Celebrating the power of poetry

Jean Diemert and David Riley

Thursday, August 16 will mark the 22nd year that a group of poets have offered a public reading of their work to the St. George community. At first a modest event involving three summertime poetry-writing friends from Hart’s Neck and an audience of 25 packed into the old Jackson Memorial Library on Main Street in Tenants Harbor (the building that now houses Stonefish), the annual event now involves a loose-knit and changing cast of six readers, in some years augmented by extra “guests,” and an audience of more than a hundred that fills the Odd Fellows Hall on Watts Avenue in Tenants Harbor. This year’s readers at what is called the Tenants Harbor Poetry Reading will be Nan Carey, Steve Cartwright, Jean Diemert, Elizabeth McKim, David Paffhausen and Tony Speranza.

David Riley and Jean Diemert, two of the organizers of this year’s event, recently took some time to reflect on the power of a public poetry reading—for both the readers and the audience. Riley was one of the original “Tenants Harbor Poets” who read at the old library back in 1997, and Diemert, a lifelong writer of verse, grew up spending summers in Tenants Harbor and has been a supporter of the annual readings from the beginning.

“I started writing poetry about 25 years ago,” Riley notes. “I kind of thought I wanted to, but didn’t really dare. But my wife Mimo encouraged me, so I took some workshops. Reading my poems at the old library was not too intimidating and I found it helpful to me in developing my voice. I learn when I read that I want to make changes.” Riley’s experience highlights the significant impact “performance” reading can have on a poet. As Diemert points out, “When you read, your poem is out there. People often take what you’ve written in a different way than you intended. People come up to me and say they see things I didn’t see.”

That poetry is an ancient form of expression and communication that was spoken before it was written underscores its fundamentally oral nature, Riley believes. “In ancient times the rhyming was a device for remembering the stories being told.” Speaking a poem out loud, he notes, brings the solitary process of writing into the realm of community, which is where the audience comes in at a public reading. “The audience at the Odd Fellows Hall each year is so appreciative, so very attentive,” Riley says. “You can hear a pin drop. And a couple of years ago we began starting the evening with a period of silence, which we think adds to the atmosphere and helps people be more present. It’s a way of creating a space that is set apart.”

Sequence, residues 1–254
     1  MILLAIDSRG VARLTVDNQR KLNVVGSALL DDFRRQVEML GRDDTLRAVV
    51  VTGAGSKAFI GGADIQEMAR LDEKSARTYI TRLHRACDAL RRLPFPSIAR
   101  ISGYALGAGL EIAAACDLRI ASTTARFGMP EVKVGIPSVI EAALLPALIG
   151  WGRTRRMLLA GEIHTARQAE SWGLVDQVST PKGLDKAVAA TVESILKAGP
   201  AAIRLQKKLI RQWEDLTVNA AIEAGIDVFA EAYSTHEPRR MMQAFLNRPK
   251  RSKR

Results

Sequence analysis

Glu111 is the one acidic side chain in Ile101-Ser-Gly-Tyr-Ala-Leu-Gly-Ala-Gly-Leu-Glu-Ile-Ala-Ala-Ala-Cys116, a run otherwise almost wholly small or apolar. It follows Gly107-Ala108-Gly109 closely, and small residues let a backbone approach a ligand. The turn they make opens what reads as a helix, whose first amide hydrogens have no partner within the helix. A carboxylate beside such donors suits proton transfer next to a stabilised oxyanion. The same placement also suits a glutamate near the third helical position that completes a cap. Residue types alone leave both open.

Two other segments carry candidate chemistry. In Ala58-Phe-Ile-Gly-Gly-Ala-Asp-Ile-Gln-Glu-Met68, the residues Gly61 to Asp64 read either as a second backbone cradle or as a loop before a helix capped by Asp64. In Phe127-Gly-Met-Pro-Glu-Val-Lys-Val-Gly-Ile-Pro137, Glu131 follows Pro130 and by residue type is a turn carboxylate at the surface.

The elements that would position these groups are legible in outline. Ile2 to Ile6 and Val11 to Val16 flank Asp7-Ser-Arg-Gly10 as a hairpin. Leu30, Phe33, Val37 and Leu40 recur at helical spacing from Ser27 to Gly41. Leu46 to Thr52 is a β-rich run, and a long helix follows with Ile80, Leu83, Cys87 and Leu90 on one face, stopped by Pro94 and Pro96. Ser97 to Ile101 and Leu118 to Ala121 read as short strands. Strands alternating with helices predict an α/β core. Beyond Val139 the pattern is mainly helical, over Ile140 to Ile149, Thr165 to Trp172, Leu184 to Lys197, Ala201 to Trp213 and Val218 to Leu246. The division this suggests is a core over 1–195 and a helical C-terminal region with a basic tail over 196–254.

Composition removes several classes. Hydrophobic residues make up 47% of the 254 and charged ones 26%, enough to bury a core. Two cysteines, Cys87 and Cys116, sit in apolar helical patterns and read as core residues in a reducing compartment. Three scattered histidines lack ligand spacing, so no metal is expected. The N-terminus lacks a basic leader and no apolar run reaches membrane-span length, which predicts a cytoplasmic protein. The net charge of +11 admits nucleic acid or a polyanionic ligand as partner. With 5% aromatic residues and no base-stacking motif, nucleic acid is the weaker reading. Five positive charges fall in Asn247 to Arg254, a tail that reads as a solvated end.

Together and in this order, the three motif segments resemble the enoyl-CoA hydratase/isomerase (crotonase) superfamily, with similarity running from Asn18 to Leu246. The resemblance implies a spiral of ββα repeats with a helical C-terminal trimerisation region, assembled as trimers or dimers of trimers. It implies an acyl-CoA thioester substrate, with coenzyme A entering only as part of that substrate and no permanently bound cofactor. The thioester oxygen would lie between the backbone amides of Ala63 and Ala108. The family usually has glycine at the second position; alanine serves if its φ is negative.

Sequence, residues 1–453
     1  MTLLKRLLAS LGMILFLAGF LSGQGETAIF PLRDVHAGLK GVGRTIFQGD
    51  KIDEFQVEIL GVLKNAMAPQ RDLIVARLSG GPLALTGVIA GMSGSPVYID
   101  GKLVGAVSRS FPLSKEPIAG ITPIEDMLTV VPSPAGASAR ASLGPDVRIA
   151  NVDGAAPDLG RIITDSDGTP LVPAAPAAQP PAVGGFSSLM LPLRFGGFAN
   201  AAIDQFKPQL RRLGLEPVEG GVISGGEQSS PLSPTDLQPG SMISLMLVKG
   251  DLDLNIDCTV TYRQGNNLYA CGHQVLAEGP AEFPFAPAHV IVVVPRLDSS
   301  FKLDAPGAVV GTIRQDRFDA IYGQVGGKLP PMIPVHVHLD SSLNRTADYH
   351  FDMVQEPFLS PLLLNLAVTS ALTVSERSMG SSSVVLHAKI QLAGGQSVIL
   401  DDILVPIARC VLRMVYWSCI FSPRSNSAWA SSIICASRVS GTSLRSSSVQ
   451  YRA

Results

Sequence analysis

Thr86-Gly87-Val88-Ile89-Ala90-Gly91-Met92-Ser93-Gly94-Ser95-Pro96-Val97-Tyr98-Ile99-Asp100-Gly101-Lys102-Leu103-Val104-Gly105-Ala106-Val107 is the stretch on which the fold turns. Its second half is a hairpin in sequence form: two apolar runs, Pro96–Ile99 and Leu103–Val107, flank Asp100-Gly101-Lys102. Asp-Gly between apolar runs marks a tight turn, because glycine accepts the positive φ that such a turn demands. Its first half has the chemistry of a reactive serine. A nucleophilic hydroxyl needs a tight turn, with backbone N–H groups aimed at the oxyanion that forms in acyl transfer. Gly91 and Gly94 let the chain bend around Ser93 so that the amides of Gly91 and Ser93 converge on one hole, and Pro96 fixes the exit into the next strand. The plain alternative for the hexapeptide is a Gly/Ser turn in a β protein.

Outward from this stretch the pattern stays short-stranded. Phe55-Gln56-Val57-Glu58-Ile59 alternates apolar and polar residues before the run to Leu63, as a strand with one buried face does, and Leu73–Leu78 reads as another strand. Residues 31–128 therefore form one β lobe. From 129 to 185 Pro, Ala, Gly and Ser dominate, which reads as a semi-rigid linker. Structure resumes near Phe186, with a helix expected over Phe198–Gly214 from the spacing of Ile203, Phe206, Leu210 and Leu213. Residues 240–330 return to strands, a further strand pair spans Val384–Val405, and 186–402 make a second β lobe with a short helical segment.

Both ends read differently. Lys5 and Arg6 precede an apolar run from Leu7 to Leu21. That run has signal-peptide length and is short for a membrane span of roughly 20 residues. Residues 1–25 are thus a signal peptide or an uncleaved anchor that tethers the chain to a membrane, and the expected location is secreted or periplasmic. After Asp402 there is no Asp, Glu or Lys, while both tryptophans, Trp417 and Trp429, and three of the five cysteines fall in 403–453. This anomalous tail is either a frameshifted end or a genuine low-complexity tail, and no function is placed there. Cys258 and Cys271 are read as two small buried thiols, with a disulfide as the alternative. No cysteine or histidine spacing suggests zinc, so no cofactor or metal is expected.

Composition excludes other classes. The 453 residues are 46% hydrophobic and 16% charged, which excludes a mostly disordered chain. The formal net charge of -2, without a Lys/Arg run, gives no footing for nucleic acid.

Riley believes that part of the reason people attending the annual reading are so attentive is that “people find something in poetry that helps them and leads them to be in the moment.” For many, the impact is life-giving at a very personal level. Diemert , for example, says she turned to poetry more intensely after her husband died 14 years ago. “For the first two years I wrote a lot of poems. It helped me get back into the world even though I was still working. Writing every night brought me back so I could do my work better and so I could share in life better.”

The search for meaning can also be a response to societal factors, Riley says, noting that the 2017 Survey of Public Participation in the Arts conducted by the National Endowment for the Arts (NEA) showed that the number of poetry readers in the U.S. has nearly doubled in the past five years. There is speculation that social media has played a role in garnering poetry this increased public interest, often in response to the social/political climate of recent years.

In addition to the witness of the strong attendance at the August Tenants Harbor Poetry Reading event, a new group called “Encouraging Poetry” that has been meeting monthly at the Jackson Memorial Library (JML) also seems to be in line with the trend the NEA survey has identified. The group, which has been meeting since March 2017, is the brainchild of Susan Bates.

“I put out the invitation to do this as a way to come together with people that was not about politics,” Bates says, “not that discussing politics would necessarily be divisive. I just wanted to encourage people to read, to write, to lift spirits. It’s been fantastic.”

Bates notes that she herself began writing poetry after a career as an engineer. “It just appealed to me to do it because I hadn’t paid much attention to that part of myself.”

The Encouraging Poetry group now routinely has at least six participants and sometimes up to 12. “You’re invited to bring something you’ve written or something to share or to just sit and enjoy it,” Bates explains. “It’s really just reading—we just read, read, read. Some people will reflect on a line that is particularly moving, or share what they found meaningful. But we are not analyzing or doing critiques. What I appreciate about the people who come together is that they make themselves vulnerable, and that they are so affirming and supportive of one another. People are sharing what matters to them. If anyone is curious, they should please come and just try it, because it is one of those experiences that’s hard to pin down and explain.”

Several of the readers at this year’s very public Tenants Harbor Poetry Reading have been attending the more informal and intimate Encouraging Poetry group’s meetings. In both settings meaningful verse abounds—and, most agree, St. George is thereby enriched. —JW

(For more information on the annual Tenants Harbor Poetry Reading event on August 16 at 5:30pm at the Odd Fellows Hall email tenantsharborpoetry@gmail.com. Contact the Jackson Memorial Library for more information on its “Encouraging Poetry” group. And follow this link for the NEA study mentioned in this story:

David Riley reads in a prior year

PHOTO Top: Julie Wortman

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